City officials in Renton, Wash., are scrambling to identify the creator of a series of web videos exposing corruption and incompetence in the city police department. The videos (simple cartoons created on Xtranormal.com and distributed via YouTube) allege a variety of sex scandals, unearned promotions, drunkenness, abuse and more. Here’s a taste (includes some NSFW language, in case you have an uptight supervisor or co-worker in earshot):
The city prosecutor is seeking to identify the anonymous creator of the videos, alleging that, since the purpose of the videos is “to harass, intimidate, torment or embarrass” members of the department, the creator has violated state cyberstalking laws.
And given that Arkansas passed a similar cyberbullying law in the 2011 legislative session, the implications of the case are worth a closer look.
The Renton case is a textbook example of how anti-stalking and bullying laws can easily morph into assaults on freedom of expression. Explains legal eagle Eugene Volokh:
Under the prosecutor’s view, any statement — including on a blog, in a YouTube video, in a newspaper article, on television, or whatever else — is a crime if it is made “with intent to harass, … torment, or embarrass” the subject of the person “[u]sing any lewd, lascivious, indecent, or obscene words, images, or language.” A comedian’s joke that “lewd[ly]” or “lascivious[ly]” described President Clinton’s behavior with Monica Lewinsky, or for that matter Congressman Weiner’s behavior, would be a crime if it was made “with intent to … embarrass” the President or the Congressman….
If the prosecutor is right that the statute should be interpreted this broadly, then it’s clearly unconstitutionally overbroad. Speech to the public doesn’t lose its constitutional protection because it’s intended to torment or embarrass.
Be forewarned: It could happen here, thanks to the aforementioned cyberbullying law passed in the last legislative session. Comparable to the Washington law, it was sponsored by Little Rock Democratic Sen. Linda Chesterfield and passed on a bipartisan vote, with only a few House conservatives opposing.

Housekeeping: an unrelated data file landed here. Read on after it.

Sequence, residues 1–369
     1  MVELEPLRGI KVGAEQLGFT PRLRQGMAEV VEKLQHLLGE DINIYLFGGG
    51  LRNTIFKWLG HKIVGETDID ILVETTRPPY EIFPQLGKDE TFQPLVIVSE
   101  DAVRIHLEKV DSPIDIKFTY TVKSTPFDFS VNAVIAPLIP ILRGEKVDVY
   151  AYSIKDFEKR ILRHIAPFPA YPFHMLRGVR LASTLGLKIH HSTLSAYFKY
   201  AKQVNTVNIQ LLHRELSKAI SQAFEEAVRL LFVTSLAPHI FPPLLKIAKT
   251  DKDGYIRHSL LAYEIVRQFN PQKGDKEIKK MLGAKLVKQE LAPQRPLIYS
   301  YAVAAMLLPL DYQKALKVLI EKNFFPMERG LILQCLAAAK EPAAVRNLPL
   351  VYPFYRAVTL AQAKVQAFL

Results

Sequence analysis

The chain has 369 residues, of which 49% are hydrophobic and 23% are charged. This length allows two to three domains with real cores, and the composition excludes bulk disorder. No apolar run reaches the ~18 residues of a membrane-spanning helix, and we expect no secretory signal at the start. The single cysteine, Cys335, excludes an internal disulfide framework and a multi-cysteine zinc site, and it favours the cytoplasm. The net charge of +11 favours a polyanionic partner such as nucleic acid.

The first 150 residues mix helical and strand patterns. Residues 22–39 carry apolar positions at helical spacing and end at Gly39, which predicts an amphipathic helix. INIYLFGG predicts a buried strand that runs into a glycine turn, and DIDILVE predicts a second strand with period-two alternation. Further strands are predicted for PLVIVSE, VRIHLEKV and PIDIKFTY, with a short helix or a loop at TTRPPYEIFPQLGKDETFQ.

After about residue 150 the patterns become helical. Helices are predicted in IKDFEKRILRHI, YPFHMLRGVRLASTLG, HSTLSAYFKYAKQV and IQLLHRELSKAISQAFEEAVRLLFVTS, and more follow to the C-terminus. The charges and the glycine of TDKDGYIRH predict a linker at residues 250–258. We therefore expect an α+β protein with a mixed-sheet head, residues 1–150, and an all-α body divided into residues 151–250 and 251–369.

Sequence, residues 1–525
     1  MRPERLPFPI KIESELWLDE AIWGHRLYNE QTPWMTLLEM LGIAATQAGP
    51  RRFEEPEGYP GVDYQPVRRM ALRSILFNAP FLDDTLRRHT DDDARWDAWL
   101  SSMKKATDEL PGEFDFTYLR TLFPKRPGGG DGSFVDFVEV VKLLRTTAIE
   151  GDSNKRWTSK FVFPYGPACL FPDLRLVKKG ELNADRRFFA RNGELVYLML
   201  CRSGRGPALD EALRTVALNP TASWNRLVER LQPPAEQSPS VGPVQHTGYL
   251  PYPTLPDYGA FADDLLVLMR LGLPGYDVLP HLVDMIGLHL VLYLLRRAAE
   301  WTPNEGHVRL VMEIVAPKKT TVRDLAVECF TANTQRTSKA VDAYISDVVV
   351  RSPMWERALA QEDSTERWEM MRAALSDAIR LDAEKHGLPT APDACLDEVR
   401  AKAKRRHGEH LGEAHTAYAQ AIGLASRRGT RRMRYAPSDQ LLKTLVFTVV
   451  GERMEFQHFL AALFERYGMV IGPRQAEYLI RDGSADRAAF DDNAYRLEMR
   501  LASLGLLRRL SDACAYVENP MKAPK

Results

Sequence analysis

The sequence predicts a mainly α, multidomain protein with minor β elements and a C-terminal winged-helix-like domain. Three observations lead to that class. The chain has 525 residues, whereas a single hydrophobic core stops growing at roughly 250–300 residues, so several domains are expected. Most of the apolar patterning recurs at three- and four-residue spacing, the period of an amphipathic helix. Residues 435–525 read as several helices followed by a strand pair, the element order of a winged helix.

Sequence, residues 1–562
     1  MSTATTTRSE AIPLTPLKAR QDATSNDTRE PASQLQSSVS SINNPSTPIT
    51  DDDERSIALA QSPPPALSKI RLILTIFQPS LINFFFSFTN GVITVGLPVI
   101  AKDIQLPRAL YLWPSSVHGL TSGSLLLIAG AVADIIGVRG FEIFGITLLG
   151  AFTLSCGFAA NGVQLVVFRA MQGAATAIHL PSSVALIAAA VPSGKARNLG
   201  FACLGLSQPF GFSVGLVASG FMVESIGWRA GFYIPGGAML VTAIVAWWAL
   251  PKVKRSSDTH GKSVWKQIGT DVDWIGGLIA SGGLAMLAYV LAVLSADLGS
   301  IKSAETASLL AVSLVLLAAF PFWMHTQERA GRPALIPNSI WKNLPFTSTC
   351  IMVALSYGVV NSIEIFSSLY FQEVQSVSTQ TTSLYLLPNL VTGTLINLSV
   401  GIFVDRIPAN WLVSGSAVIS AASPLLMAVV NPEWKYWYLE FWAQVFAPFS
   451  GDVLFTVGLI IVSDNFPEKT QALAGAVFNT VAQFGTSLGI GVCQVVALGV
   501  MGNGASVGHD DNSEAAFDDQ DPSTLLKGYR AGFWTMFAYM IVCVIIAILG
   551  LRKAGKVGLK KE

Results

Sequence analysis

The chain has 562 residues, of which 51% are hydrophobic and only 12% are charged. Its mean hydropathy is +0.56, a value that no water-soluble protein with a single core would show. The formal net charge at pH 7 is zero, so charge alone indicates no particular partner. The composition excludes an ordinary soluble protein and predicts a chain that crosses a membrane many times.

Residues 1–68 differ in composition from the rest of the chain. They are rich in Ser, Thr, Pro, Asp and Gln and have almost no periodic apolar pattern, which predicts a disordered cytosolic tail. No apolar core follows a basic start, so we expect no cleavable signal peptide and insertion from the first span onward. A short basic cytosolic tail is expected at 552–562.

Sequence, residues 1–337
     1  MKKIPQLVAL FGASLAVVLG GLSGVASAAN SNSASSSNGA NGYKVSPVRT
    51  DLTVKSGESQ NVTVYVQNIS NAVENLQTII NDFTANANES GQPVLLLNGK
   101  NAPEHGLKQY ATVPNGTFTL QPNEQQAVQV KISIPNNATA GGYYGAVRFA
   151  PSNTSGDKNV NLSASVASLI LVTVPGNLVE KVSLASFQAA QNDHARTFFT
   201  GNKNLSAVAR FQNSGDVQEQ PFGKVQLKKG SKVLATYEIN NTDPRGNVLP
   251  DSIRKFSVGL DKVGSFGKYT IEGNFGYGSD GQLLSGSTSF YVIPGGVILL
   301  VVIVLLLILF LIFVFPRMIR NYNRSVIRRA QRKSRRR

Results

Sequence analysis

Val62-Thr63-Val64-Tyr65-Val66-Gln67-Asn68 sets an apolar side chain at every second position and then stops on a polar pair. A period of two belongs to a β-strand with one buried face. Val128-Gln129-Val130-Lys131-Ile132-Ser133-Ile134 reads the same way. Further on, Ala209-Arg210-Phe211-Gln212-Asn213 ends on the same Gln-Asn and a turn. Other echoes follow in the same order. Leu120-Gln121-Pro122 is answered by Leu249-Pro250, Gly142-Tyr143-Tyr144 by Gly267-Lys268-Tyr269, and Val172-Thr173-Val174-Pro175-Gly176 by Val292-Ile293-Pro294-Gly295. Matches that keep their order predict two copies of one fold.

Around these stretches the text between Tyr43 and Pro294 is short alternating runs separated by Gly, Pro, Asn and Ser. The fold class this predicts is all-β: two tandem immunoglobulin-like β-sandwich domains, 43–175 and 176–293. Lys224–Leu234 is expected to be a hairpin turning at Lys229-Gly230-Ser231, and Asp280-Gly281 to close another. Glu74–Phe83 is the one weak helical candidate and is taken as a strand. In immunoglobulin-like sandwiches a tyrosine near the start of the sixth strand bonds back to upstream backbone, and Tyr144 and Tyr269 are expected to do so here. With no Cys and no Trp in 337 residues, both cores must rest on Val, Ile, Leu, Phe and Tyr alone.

The Arkansas law includes similarly vague language (link opens as PDF) that could easily be deployed against, say, political bloggers. The law targets anyone who “transmits, sends, or posts a communication by electronic means with the purpose to frighten, coerce, intimidate, threaten, abuse, harass or alarm another person,” which basically describes 90 percent of the communication on Twitter on any given day.
In this paper for the Advance Arkansas Institute (again, opens as PDF), our own Dan Greenberg warned of the overbroad language in Chesterfield’s bill:
…There is a reasonable prospect that courts would find this bill unconstitutionally vague, unconstitutionally overbroad, or unconstitutional because government bodies would have to analyze the content of communications to determine whether they constituted cyberbullying. Furthermore, law enforcement officers, judges, and citizens may have some difficulty figuring out which communications are “in furtherance of severe, repeated, or hostile behavior.”
One might think a law criminalizing speech would be met with something more than a yawn, but the Arkansas law has generated little response from the state’s media. The actions of the city prosecutor in Renton, which strike right at the heart of free speech, illustrate why these things matter.